To that end, restaurants driven by locally sourced products are popping up throughout the island, including in La Placita and Calle Luisa, Dean said, describing the areas as interestingly eclectic neighborhoods that are popular with locals as well as visitors wishing to explore secret spots.
Meanwhile, another fresh dining addition is Roots Coastal Kitchen at the Wyndham Grand Rio Mar Puerto Rico Golf & Beach Resort.
Ramon Carillo, executive chef of the property, opened Roots in collaboration with New York’s Top Chef finalists and James Beard Award nominees, Jeff McInnis and Janine Booth. The restaurant features innovative farm-to-table concepts inspired by Southern comfort cuisine with a Caribbean twist.
Pablo Garcia, Spoon Food Tours, Old San Juan, Credit: Lori Tenny
One of the best ways for groups to experience the intricate weaving of history and cuisine in Puerto Rico is on a customized Spoon Food Tours program.
On a recent visit, we indulged in the Old San Juan Walk & Taste Tour with the company’s manager Pablo Garcia, a wealth of wisdom about Puerto Rican history and heritage.
He escorted us everywhere from traditional favorites, where we met the owners and learned about the delicious, ages-old recipes we tasted, to one of the destination’s first craft breweries, all set along the charming cobbled streets of Old San Juan.
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On the beverage scene, Puerto Rico has long been famous for its rum, Bacardi, with its unmistakable bat logo, in particular. A visit to the historic Casa Bacardi, an Art Deco treasure, is an integral part of the group experience in Puerto Rico.
“We are a 127-acre open space full of sunshine, rum and unique experiences,” said Irene Muniz, business development manager at the Casa Bacardi. “These range from spaces for events, teambuilding, meetings and private dinners, to mixology and rum tastings and historical tours, to learning all about rum making and a special hands-on experience, where you can fill your own bottle directly from the barrel onsite where the exclusive rums were crafted.”
Bomba (traditional Puerto Rican music) experiences, mofongo-making classes (a traditional Puerto Rican dish) and a special tour of the bat caves are some of the other options available for groups.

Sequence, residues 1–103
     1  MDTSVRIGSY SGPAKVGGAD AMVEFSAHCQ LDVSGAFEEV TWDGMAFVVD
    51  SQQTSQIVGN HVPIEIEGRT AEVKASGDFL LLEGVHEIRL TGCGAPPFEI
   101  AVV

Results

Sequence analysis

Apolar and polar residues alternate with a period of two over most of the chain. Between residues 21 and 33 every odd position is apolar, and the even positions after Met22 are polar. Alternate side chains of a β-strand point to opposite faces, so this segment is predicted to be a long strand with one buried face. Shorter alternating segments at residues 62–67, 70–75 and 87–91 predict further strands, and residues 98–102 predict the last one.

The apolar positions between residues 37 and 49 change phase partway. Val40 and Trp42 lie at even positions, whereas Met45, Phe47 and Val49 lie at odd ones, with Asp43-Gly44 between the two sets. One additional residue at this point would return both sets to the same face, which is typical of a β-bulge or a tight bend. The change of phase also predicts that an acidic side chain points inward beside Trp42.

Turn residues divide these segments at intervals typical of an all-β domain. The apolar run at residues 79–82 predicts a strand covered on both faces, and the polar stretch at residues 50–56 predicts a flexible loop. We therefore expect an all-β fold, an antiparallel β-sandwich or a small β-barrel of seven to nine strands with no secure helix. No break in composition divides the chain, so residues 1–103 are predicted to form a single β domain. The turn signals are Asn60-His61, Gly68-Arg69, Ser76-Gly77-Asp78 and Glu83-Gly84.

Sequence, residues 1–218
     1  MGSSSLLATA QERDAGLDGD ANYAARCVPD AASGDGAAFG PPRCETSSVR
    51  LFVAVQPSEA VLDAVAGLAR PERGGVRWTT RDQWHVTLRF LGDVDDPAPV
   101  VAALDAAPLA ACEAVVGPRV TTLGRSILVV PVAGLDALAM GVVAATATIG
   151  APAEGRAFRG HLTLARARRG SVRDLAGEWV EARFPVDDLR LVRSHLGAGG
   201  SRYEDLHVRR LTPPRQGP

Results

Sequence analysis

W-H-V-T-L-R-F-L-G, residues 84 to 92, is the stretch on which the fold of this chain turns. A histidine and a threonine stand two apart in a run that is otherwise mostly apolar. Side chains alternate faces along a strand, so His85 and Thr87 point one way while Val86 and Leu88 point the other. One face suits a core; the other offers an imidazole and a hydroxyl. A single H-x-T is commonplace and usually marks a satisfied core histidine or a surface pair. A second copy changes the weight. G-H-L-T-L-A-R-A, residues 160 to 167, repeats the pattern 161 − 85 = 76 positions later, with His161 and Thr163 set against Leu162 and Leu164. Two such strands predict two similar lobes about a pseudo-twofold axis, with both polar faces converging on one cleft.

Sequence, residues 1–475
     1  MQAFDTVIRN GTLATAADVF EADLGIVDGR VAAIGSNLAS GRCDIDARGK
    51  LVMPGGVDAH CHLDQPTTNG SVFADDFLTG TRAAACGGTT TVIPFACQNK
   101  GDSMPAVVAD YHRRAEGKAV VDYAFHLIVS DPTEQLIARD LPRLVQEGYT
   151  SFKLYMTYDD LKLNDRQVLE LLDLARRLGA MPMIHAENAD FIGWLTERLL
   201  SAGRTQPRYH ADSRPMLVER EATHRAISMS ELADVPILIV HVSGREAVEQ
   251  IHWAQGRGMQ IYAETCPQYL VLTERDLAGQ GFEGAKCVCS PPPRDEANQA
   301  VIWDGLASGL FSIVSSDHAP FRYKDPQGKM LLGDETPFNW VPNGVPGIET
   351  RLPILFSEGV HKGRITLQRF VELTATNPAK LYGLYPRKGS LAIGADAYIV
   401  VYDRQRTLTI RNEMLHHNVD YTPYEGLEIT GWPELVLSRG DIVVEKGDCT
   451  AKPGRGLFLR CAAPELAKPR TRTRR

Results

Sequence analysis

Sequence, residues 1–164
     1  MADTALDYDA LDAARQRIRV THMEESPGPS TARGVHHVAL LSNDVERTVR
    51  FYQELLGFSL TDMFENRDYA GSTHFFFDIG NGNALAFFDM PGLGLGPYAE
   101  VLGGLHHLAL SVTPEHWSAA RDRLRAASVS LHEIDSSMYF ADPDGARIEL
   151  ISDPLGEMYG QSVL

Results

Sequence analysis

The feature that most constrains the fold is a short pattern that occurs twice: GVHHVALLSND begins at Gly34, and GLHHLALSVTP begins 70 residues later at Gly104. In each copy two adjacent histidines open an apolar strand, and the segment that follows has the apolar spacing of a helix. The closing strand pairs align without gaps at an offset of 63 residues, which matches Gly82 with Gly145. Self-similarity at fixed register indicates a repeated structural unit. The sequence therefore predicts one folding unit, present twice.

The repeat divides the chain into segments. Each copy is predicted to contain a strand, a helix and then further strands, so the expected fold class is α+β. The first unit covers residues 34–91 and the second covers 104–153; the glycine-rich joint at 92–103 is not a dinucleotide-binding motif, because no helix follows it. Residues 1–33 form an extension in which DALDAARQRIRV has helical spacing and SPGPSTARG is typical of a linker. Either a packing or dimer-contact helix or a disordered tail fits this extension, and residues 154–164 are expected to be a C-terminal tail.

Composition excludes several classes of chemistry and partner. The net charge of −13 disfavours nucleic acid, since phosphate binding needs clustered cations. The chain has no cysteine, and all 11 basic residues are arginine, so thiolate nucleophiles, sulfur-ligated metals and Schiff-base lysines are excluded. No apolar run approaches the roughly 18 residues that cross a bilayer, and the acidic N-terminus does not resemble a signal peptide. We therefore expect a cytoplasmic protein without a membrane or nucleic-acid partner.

Coffee Makes a Comeback in Puerto Rico
While Puerto Rico is known as the Rum Capital of the World, Dean said there’s now a movement for the destination to be internationally recognized for another staple beverage: coffee.
“Coffee is an integral part of the economy but it’s really part of the culture in Puerto Rico, and it took a heavy hit with Hurricane Maria,” Dean said, referring to the thousands of coffee plants the storm wiped out. “It takes about three to four years for the product to come back but there’s a concerted effort between the public sector and private sector to make sure it comes back strong.”
On July 1, 2018, the first day the new Discover Puerto Rico DMO was launched, Dean said he brought in a coffee artisan to talk about how coffee is grown, harvested and made.
“By the end of it, we didn’t know whether to drink it or salute it,” he said. “It was like this spiritual experience.
“The sad part is that he had saved his last batch of coffee for us on our kickoff party,” he added. “Now he’s out of business until he gets more product coming in.”
Starbucks recently announced it was donating 2 million coffee seeds to Puerto Rico, particularly to smaller coffee farmers and entrepreneurs.
Planner Jennifer Hernandez Replants a Coffee Tree at Hacienda Munoz, Credit: Lori Tenny
One of the ways our group lent a hand on our visit in April 2018 was by heading to the beautiful Hacienda Munoz, with its open-air restaurant, delicious local cuisine, gorgeous countryside setting and unforgettable tour.
We were enamored by the fascinating stories and information on the coffee-making process by our tour guide, clearly the most passionate coffee farmer on Earth.
We then climbed up the hill and rolled up our sleeves to help replant newly sprouted coffee trees.
Giving back to an island clearly back in bloom and ready for groups to experience its rich brew of cultural diversity was a great way to cap off our Puerto Rico journey.